Despite geometry can be regarded as the foundation of analysis, modern methods of computational geometry have until recently had very little impact on analysis, leading, e.g., to many problems in interfacing Computer Aided Geometric Design (CADG) and Finite Element Analysis (FEA) tools. One of the most significant issues is the difficulty of translating CAGD files into analysis-suitable FEA geometry and meshing, reputed to take up to 80% of overall analysis time for complex engineering designs. The approximate, polynomial-based geometry of FEA also creates difficulties in modeling sliding contact, flows about aerodynamic shapes, buckling of thin shells, etc. As a consequence, in the last decade, many research efforts have been made towards the construction of modern numerical approaches being as flexible as possible regarding the representation of complex geometries and/or CAD-friendly, including, among others, isogeometric analysis, virtual element methods and mimetic finite differences, as well as maximum-entropy and subdivision-based methods. In particular, isogeometric methods have attracted a good deal of attention from both the Computational Engineering and Mathematics communities, emerging as a promising analysis tool with the potential to bridge the gap between geometry representation and numerical simulation. One of the main goals of isogeometric analysis is the construction of a fully integrated design-through-analysis process, with important practical applications and possibilities, particularly in the field of solid mechanics.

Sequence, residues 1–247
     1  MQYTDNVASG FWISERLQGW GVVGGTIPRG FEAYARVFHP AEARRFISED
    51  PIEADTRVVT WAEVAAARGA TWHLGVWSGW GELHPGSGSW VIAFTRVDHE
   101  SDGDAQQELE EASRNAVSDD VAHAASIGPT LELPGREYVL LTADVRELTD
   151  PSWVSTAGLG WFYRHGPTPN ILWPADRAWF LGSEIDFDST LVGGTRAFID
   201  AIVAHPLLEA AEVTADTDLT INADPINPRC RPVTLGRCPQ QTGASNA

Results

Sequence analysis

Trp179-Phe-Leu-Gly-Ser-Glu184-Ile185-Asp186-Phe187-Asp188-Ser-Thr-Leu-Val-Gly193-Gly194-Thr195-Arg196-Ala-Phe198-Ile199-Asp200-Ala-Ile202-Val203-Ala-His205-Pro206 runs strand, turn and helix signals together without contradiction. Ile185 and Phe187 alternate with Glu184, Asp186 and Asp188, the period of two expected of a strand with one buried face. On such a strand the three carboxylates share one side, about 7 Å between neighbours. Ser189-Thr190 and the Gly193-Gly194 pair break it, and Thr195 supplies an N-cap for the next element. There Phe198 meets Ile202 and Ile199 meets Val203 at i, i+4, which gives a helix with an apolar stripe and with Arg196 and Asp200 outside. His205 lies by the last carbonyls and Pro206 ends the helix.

The purpose of this symposium is to gather experts in Computational Mechanics with interest in the above-mentioned class of methods, to show and discuss theoretical results, novel developments and approaches, as well as advanced engineering applications.